A return to londolozi mecca
Londolozi is somewhere that has a special place in my heart. Having spent countless hours on the land and with the animals there, it was wonderful to return to the newly-refurbished Relais & Chateaux Pioneer Camp for four nights of bliss.
I was traveling with two guests, Bob and Jen. This was Bob’s second trip to Londolozi and Jen’s very first trip to Africa. Londolozi proved to be the perfect introduction. And we couldn’t have asked for a better team than good friends James Tyrrell and Rich Mthibane.
Londolozi is situated at the heart of the Sabi Sands in South Africa, adjoining the world-famous Kruger National Park. It is renowned for having one of the first viewable populations of the shy and elusive leopard and is arguably one of the best places in the world to see these animals. But this mere fact alone doesn’t do justice to the enormity of the experience it offers.
As is so characteristic of Londolozi, we had a cracking start to our safari with a multitude of special sightings on the first evening game drive. We set out with the intention of tracking a pride of lions and whilst doing so came across some buffalo bulls and a herd of elephants feeding in the dry riverbed of the Manyeleti. They were feeding lazily amongst the llala palms, the sound of thick skin rubbing against tough vegetation. The sun was beginning to dip and so after some time we left them, returning to our search for the lions. One of the wonders of a safari is that plans are easily foiled and in our quest for the lions we stumbled across a leopard lying atop a termite mound catching the gorgeous, afternoon light. It was difficult to explain to Jen that it’s not necessarily always this easy.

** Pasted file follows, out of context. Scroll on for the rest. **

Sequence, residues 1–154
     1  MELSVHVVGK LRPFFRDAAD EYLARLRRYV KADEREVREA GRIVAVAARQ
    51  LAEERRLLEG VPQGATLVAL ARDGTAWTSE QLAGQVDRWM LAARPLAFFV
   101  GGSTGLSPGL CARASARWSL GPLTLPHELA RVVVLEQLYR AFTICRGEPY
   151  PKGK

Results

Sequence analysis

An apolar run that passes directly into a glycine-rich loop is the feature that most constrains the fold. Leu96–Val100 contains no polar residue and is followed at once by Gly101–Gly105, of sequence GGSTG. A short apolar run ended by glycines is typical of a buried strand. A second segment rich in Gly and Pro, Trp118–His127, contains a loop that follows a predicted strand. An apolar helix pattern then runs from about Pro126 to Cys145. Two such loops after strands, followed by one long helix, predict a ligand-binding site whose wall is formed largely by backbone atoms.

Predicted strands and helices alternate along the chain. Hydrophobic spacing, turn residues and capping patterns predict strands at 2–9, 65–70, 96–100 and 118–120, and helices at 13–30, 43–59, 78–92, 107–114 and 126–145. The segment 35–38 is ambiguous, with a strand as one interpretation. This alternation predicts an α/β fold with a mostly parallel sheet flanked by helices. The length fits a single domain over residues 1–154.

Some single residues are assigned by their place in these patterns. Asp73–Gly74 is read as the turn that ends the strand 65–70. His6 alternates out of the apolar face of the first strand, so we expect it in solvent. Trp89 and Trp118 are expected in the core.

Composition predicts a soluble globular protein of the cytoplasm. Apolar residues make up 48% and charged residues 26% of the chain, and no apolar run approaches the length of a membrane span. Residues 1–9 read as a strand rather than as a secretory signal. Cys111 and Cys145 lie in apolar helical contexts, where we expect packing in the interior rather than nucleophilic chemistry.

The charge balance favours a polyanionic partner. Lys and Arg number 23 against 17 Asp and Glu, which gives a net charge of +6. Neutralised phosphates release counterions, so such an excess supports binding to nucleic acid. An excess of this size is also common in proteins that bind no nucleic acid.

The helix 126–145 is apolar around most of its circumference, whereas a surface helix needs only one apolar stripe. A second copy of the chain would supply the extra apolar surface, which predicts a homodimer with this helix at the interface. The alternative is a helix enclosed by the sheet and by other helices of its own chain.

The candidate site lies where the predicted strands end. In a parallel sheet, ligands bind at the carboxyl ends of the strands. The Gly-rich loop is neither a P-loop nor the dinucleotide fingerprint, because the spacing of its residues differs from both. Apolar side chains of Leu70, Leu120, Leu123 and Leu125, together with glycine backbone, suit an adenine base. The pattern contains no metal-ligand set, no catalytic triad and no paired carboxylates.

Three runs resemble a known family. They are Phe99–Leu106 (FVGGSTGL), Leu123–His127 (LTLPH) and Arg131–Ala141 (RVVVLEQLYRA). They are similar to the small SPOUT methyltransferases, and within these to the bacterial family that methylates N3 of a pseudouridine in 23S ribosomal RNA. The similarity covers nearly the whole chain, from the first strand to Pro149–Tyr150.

Rich Mthibane, staying true to the tracker’s spirit, began to itch in the vehicle, knowing that his precious daylight was slipping by and so we dropped him off to continue looking for the lions and returned to photograph and observe the female leopard. Only ten minutes passed before he radio’d to say that he’d found the lions and that they were in the same vicinity as the buffalo we had only recently left. By this time the leopard we were with had moved into the thick riverine bush and so we headed towards Rich and the lions. From our vantage point we watched the pride creeping towards the unawares buffalo.